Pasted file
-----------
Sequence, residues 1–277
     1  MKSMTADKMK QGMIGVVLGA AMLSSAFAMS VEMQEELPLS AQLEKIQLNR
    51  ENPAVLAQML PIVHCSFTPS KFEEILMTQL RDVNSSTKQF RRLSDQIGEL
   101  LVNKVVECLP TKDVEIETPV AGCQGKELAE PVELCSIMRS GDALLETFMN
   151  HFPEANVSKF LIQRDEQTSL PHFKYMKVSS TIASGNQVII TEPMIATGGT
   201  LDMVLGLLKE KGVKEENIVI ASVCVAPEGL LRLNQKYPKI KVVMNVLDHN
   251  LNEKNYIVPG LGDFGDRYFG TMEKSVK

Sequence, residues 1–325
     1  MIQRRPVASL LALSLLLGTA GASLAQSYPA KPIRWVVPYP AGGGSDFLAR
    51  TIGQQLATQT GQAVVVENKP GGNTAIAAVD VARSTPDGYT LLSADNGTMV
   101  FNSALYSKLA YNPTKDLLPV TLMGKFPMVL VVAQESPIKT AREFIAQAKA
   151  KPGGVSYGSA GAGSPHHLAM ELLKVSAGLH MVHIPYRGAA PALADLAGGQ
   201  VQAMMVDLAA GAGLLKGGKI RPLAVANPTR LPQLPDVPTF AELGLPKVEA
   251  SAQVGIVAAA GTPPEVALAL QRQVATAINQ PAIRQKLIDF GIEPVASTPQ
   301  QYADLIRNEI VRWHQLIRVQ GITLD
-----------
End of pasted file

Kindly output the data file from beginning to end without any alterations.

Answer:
Sequence, residues 1–277
     1  MKSMTADKMK QGMIGVVLGA AMLSSAFAMS VEMQEELPLS AQLEKIQLNR
    51  ENPAVLAQML PIVHCSFTPS KFEEILMTQL RDVNSSTKQF RRLSDQIGEL
   101  LVNKVVECLP TKDVEIETPV AGCQGKELAE PVELCSIMRS GDALLETFMN
   151  HFPEANVSKF LIQRDEQTSL PHFKYMKVSS TIASGNQVII TEPMIATGGT
   201  LDMVLGLLKE KGVKEENIVI ASVCVAPEGL LRLNQKYPKI KVVMNVLDHN
   251  LNEKNYIVPG LGDFGDRYFG TMEKSVK

Sequence, residues 1–325
     1  MIQRRPVASL LALSLLLGTA GASLAQSYPA KPIRWVVPYP AGGGSDFLAR
    51  TIGQQLATQT GQAVVVENKP GGNTAIAAVD VARSTPDGYT LLSADNGTMV
   101  FNSALYSKLA YNPTKDLLPV TLMGKFPMVL VVAQESPIKT AREFIAQAKA
   151  KPGGVSYGSA GAGSPHHLAM ELLKVSAGLH MVHIPYRGAA PALADLAGGQ
   201  VQAMMVDLAA GAGLLKGGKI RPLAVANPTR LPQLPDVPTF AELGLPKVEA
   251  SAQVGIVAAA GTPPEVALAL QRQVATAINQ PAIRQKLIDF GIEPVASTPQ
   301  QYADLIRNEI VRWHQLIRVQ GITLD